The curse of Kilternan
The development of Kilternan Golf and Country Club has ended the careers of multiple high-flyers over four decades. Now in Nama, it lies empty – with no sign of a buyer. So what will happen to Ireland’s greatest white elephant?
The Kilternan Hotel and Golf Resort project, which remains unfinished and unopened, in South Co Dublin. Photographs: Eric Luke
The empty swimming pool in the leisure centre at the Kilternan Hotel and Golf Resort project. Photograph: Eric Luke
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On a clear day the views of Dublin from the top of the artificial ski run at Kilternan are stunning but the faraway cityscape draws the eye less now than the low-rise complex of glass and metal planted in the woods at the base of the slope. Sprawling over more than 100 acres, the Kilternan Golf and Country Club should be a hive of activity with guests coming and going and staff rushing to attend the needs of the well-to-do, but this is a hotel with no guests and, apart from a handful of security guards patrolling the perimeter, no staff either. It is a place without a purpose.
The stars came out here once. Back in the 1970s when the hotel in the foothills of the Dublin mountains was a shadow of its current self, Muhammad Ali, Sean Connery and Paul Newman used to walk its corridors and run the long and winding roads that criss-crossed the property.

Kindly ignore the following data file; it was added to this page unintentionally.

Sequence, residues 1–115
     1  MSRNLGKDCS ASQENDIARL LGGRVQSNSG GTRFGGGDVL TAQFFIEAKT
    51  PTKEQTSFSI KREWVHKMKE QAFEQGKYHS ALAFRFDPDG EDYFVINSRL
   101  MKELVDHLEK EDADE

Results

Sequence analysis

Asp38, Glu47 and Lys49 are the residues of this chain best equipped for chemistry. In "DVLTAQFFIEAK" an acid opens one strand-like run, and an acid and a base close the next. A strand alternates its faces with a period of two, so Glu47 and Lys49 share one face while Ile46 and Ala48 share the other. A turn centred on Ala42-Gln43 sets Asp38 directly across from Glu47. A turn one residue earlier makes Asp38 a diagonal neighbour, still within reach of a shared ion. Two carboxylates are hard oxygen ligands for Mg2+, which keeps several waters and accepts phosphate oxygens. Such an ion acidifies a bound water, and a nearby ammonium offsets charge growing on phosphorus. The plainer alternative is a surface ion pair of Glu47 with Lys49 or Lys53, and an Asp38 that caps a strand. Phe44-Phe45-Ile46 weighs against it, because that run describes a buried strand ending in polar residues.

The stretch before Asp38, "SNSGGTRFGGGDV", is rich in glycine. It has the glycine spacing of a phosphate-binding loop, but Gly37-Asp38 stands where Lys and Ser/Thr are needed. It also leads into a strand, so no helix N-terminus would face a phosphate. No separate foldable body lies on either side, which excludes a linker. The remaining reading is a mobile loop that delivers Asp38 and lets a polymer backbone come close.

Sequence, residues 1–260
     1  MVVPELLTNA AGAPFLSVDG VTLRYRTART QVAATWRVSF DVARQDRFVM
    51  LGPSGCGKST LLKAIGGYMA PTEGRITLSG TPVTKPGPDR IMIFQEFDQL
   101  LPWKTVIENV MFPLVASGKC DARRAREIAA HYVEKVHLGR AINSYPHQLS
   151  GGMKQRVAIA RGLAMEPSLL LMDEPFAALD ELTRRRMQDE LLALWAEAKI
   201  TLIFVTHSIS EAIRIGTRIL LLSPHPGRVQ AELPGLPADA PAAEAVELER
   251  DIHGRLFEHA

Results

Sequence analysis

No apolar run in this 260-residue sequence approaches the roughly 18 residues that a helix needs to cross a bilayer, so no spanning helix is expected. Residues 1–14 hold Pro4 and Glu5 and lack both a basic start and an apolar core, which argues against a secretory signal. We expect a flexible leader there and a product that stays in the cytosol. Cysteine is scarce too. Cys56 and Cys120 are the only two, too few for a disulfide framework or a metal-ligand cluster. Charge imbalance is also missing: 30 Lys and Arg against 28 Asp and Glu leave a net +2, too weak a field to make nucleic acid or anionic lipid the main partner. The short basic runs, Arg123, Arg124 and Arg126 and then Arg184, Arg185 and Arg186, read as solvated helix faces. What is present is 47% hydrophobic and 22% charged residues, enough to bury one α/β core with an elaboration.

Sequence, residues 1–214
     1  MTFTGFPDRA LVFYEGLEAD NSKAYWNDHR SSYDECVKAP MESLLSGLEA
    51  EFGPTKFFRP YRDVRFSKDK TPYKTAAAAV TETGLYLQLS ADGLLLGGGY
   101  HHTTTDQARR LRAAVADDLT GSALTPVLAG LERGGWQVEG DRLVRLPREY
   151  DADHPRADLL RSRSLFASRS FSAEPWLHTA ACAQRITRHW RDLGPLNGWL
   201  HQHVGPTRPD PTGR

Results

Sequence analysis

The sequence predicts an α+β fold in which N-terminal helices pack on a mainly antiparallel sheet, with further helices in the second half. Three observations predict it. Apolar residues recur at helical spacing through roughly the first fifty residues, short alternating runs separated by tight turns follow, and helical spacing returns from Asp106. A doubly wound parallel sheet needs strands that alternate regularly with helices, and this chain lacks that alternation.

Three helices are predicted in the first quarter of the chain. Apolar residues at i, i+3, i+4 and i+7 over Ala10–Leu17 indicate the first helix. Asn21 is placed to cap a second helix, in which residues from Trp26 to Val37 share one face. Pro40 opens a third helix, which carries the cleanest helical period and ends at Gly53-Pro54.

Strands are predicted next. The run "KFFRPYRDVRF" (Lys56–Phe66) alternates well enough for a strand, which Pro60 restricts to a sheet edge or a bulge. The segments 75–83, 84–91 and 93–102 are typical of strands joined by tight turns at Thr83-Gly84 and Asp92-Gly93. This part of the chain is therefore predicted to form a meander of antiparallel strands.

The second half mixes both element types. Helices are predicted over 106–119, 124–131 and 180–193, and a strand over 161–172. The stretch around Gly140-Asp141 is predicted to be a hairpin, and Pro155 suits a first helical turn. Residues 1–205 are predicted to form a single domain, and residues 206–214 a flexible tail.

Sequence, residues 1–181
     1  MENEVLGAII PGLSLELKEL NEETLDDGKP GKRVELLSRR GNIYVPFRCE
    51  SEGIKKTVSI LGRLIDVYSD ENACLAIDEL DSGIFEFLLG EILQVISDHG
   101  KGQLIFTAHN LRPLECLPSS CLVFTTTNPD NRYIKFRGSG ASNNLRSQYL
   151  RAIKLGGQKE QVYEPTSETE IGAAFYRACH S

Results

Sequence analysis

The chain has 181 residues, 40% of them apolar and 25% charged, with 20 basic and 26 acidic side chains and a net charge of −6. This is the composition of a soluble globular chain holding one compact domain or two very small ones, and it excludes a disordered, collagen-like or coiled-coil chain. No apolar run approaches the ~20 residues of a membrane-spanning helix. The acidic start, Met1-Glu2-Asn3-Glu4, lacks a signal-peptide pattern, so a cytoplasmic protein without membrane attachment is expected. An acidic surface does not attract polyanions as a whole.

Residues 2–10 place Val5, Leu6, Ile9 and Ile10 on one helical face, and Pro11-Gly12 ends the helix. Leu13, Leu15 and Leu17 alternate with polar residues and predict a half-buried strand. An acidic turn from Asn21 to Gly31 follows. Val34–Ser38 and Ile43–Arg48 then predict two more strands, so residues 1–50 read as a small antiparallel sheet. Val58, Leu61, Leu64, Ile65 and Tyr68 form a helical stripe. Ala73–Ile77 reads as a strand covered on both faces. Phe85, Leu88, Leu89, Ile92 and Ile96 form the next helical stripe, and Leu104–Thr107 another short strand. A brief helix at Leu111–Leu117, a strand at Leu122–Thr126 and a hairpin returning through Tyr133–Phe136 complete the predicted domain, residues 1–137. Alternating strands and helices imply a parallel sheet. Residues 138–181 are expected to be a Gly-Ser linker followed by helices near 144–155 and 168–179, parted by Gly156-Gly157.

Today, despite an investment of more than €170 million over two frantic years from 2006, the Kilternan Golf & Country Club Hotel is under the control of Nama and lies empty and idle – a white elephant poignantly emblematic of a Celtic Tiger’s ambitions gone awry.
Some people say this is a cursed place. And well it might be, given the ease and frequency with which it has brought the careers of multiple high-flyers crashing down over the past 40 years.
Everything looked so promising for brothers John and Willie Oppermann and their brother-in-law Joe Wall when they opened the doors of their upmarket country club surrounded by 115-acres of rolling hills and forests here in 1972. Locals bought into the concept with almost unseemly haste and it quickly became a boozy bolt-hole for the well-heeled denizens of south Co Dublin. But before the Oppermanns could get used to their new-found status as country club elite, their luck deserted them. After just a year, a promised investment from an American backer went south and their club fell into the hands of a receiver.
Locals, dismayed by the prospect of losing their club and all the cachet and chicken cordon bleu that came with it, tried to buy the property and keep the doors open. They got the readies together but were outbid by Pat Quinn of Quinnsworth. He bought the place for £500,000 in June 1973 and set about spending £400,000 on re-developing it as a social and sports club to be known as the Pat Quinn Club. It wasn’t to be known as that for long though, and less than a year after he cut the ribbon on his vanity project, Quinn’s tenure was over and his club was wound up with liabilities of £1 million.